Why you should care
Because when you boast about a campaign dirty trick, investigators win.
Based on OZY’s hit podcast The Thread, which delves into surprising connections in history, The Mueller Thread weaves together the strands linking the sprawling investigations around President Donald Trump.
Loose lips can sink ships. They can also derail presidencies. More than four decades before drunken Trump campaign adviser George Papadopoulos bragged to an Australian diplomat in a London bar in May 2016 that the Russians had stolen emails that would damage Hillary Clinton, another aide to a presidential candidate, Ken Clawson, was gloating about an election dirty trick involving damaging correspondence over scotch with a Washington Post reporter named Marilyn Berger.
What do these two indiscreet, inebriated boasts have in common? Hint: It’s more than newly indicted Trump adviser and self-proclaimed dirty trickster Roger Stone (who appears to be the human tissue connecting most of the memorable dirty tricks in modern U.S. politics). Papadopoulos’ disclosure would kick-start an FBI investigation into the hacked emails and possible collusion between Russia and members of the Trump campaign. The revelation made by Clawson, a deputy White House communications director for President Richard M. Nixon, would, thanks to Berger, blow up a fledgling Watergate scandal — in a way that should make White House lawyers and defenders uneasy in the wake of Stone’s indictment.
Berger’s reporting helped accelerate the Watergate scandal.
“I wrote the letter,” Clawson, a zealous former Washington Post reporter turned zealous partisan defender of the Nixon White House, confessed to Berger, a foreign affairs reporter, over late-night drinks at her Washington, D.C., home on the evening of Sept. 25, 1972. The letter in question was the notorious “Canuck letter,” which earlier that year had helped sink the campaign of Maine Democratic Sen. Edmund Muskie — the opponent Nixon feared most in the general election. The fraudulent letter, addressed to the Manchester Union Leader newspaper during the New Hampshire primary campaign, claimed Muskie had condoned the use of the ethnic slur “Canucks” to describe Americans of French-Canadian descent. While Canadians generally consider “Canuck” harmless, some New Englanders found it offensive. A shaken Muskie denied the accusation but then dissolved into tears before cameras (Muskie maintained snowflakes had gotten in his eyes). His chances of winning dissolved too. Incidentally, a 20-year-old operative named Roger Stone was also busy in New Hampshire with lower-level dirty tricks such as making a donation from the sham Young Socialist Alliance to an anti-war Republican opposing Nixon in the primary.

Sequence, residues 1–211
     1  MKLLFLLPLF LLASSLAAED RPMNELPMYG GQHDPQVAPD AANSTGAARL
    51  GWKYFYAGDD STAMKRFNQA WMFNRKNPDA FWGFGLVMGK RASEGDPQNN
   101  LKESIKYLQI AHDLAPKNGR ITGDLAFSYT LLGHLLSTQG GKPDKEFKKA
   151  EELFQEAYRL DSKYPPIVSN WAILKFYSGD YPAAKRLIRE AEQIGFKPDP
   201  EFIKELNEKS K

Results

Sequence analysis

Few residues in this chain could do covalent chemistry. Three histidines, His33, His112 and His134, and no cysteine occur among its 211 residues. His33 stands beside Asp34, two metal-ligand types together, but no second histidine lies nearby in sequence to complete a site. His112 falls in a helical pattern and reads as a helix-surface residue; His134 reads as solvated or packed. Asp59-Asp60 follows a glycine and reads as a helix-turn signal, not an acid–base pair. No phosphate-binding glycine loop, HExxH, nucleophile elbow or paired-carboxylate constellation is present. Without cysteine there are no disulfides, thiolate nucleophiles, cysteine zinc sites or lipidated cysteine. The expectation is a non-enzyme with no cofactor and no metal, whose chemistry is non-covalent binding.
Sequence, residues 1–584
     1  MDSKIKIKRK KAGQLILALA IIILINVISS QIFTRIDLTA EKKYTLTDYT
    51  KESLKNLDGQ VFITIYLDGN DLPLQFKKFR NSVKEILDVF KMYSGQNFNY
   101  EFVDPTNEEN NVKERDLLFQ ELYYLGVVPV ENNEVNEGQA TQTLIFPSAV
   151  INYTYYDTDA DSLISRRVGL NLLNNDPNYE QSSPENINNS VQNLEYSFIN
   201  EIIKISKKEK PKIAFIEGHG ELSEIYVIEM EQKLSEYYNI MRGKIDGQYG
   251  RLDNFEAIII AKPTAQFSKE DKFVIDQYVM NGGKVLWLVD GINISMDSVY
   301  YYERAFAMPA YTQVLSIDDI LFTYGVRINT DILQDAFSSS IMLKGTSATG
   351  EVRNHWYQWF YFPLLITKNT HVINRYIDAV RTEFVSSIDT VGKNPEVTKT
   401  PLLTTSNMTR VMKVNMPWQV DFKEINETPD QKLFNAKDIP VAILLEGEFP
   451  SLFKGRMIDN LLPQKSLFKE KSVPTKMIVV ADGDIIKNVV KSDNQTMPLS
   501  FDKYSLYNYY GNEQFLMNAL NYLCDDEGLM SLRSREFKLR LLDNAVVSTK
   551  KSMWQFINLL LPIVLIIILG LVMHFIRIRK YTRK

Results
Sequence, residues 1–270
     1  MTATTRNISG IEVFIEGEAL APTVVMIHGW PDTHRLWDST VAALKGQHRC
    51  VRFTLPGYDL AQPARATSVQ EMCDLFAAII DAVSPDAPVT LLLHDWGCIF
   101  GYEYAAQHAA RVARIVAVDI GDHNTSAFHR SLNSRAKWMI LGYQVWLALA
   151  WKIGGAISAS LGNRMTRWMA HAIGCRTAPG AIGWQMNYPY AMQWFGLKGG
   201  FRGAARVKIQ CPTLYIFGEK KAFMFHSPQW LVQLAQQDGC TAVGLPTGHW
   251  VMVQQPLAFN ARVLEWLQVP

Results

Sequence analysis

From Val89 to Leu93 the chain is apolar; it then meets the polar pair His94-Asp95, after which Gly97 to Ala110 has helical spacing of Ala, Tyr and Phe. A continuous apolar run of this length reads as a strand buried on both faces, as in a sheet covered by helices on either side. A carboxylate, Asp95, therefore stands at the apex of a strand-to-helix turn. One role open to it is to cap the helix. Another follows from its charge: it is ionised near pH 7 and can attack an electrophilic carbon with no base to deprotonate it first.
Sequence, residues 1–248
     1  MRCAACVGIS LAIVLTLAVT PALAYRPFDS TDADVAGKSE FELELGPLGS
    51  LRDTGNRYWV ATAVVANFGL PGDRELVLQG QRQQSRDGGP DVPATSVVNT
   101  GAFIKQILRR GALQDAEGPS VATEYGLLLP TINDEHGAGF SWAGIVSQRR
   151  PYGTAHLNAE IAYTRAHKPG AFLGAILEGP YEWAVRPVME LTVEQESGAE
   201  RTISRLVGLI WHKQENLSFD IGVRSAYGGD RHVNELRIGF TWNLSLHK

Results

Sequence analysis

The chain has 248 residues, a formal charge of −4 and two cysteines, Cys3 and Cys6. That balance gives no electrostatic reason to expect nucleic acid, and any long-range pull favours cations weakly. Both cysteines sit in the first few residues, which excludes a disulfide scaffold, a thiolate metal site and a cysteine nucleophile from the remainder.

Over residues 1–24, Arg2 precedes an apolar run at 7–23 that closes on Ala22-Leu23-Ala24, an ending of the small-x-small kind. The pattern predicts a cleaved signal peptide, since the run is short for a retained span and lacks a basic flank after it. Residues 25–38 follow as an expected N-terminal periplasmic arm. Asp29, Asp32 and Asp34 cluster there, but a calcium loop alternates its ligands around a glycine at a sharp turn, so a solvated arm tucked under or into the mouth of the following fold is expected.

The pudgy 35-year-old Clawson later denied Berger’s recollection of their conversation, saying he told her only that he wished he had written the Canuck letter. Berger, for her part, was worried about becoming part of the story (an unenviable position for a reporter) and the unfolding scandal. But the diligent journalist nevertheless wrote down a memo of her conversation with Clawson and shared it with colleagues Bob Woodward and Carl Bernstein. According to their book All the President’s Men, the two reporters had amassed a lot of material about the Watergate break-in by the fall of 1972, but they were still unable to draw specific connections between dirty tricks and members of the Nixon campaign. Clawson’s admission about the Canuck letter was a breakthrough and formed a major part of an Oct. 10, 1972, article penned by Woodward and Bernstein about how FBI investigators were looking into the Nixon campaign’s “massive campaign of political spying and sabotage.”
Berger’s reporting helped accelerate the Watergate scandal at a key time. The fact that Nixon’s team was capable of a dirty trick like the Canuck letter lent more credibility to Woodward and Bernstein’s other reporting, fueling Nixon’s eventual downfall. The key was establishing a pattern of behavior. Stone’s indictment, and the recent revelation that Robert Mueller’s team has communications between Stone and WikiLeaks about Russia’s theft of Clinton campaign emails, do not prove a conspiracy between the Trump campaign and Russia to influence the 2016 election. But they are more concrete indications — just like the Canuck letter — that there was an appetite to collude within Trump’s campaign, as there was to meddle within Nixon’s.
Six months after the Canuck letter story, Clawson ran into legendary Post executive editor Ben Bradlee at the 1973 White House Correspondents’ Association dinner. In a heated exchange with echoes of today given the tangential presence of Stone in the unfolding dick-pic scandal involving current Post owner Jeff Bezos, Bradlee and Clawson engaged in a nose-to-nose shouting match in which Clawson pledged to his former boss, “We’re going to get back at you.”
The savvy and relentlessly self-promoting Clawson, like Stone, had an over-the-top bravado that made him a joke to many he encountered. But the self-proclaimed “pure Nixon Republican” also had a deep, if somewhat blind, loyalty streak. “We’re going to be here until Jan. 20, 1977,” he defiantly boasted to another reporter, New York magazine’s Nora Ephron, in June 1974. “They can throw rocks at the White House, but we’re still going to be here.”
Two months later, just before Nixon resigned the presidency, Clawson called his White House communications team together for one last scotch. “I raised my glass and said, ‘To the president,’” Clawson later recounted. “We drank in silence, while some cried.”
Read more: How Roger Clinton could set up a Don Jr. pardon.